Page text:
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  • People want new technology to go unnoticed
  • People want new technology to go unnoticed
    Garry Knight (2013) ©

People want new technology to go unnoticed

Despite the increased use of AR in emerging consumer tech – such as Pokémon Go or Snap Spectacles – people are finding it difficult to embrace. Research shows that over half of Brits want new tech to integrate seamlessly into their lives, suggesting AR should find its footing in familiarity.



  • Article image Pok√©mon GO: the playground craze attracting all ages

    Gen Yers may have swapped playgrounds for office spaces and Gameboys for smartphones since the mid-’90s, but it seems they’re playing the same old games. What is it about Pokémon GO that’s gotten audiences of all ages hooked on a craze that many grew out of before the turn of the century?

  • Article image Why would you want to chat to a bot?

    The number of people using messaging apps is set to hit two billion by 2018, so it’s no wonder brands want to get in on the action. Major tech players are touting chatbots as the next big thing, but can they really revolutionise online interactions, or are they just part of an industry-driven pipe dream?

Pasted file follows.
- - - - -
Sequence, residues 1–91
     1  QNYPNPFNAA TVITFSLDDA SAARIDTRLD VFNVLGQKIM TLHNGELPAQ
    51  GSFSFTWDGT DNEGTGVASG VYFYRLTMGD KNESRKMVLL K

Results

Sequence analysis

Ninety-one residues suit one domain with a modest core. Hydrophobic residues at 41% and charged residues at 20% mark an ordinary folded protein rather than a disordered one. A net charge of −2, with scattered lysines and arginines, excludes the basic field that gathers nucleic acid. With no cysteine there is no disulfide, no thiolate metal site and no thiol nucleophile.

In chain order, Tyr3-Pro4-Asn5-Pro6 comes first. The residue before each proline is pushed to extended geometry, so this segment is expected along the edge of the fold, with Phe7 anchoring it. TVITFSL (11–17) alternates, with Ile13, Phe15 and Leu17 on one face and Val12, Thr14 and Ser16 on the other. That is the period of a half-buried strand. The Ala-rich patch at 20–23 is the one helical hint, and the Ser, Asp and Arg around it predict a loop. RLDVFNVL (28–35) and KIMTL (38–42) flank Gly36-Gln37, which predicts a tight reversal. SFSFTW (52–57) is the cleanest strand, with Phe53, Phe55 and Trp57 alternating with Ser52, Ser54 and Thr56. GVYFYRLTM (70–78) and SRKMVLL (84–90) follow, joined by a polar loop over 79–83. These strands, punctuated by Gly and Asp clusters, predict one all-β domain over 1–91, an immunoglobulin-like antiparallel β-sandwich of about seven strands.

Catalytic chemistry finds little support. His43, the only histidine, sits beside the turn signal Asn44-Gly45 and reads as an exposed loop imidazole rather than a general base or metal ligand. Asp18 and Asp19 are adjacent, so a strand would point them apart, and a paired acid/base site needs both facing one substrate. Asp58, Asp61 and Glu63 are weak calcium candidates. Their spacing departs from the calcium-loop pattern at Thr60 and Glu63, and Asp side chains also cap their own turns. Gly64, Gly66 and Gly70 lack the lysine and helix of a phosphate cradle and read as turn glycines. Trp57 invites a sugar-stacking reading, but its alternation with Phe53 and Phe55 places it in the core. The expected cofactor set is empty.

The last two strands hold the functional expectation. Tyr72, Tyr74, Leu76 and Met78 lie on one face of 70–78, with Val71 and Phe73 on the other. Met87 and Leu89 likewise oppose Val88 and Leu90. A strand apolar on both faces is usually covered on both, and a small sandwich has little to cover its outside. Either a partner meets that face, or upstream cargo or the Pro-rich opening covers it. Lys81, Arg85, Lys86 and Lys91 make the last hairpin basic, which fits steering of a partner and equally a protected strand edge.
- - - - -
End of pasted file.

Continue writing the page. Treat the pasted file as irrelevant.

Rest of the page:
• Facebook is using AI to describe photos to the blind Facebook is using AI to describe photos to the blind

    Given the role images play on Facebook, it can undoubtedly be frustrating for those who struggle to see them. To combat this, Facebook is using AI to describe pictures to blind or visually impaired users, ensuring they can feel as connected to the world as everyone else.

  • Article image Are we addicted to the future?

    Futurologists – those allegedly able to predict the future – are in high demand from newspapers and major companies keen to see into the coming years. Yet the vast majority of predictions are wrong. What's the appeal of future-gazing? And what might mobilise our visions into the present?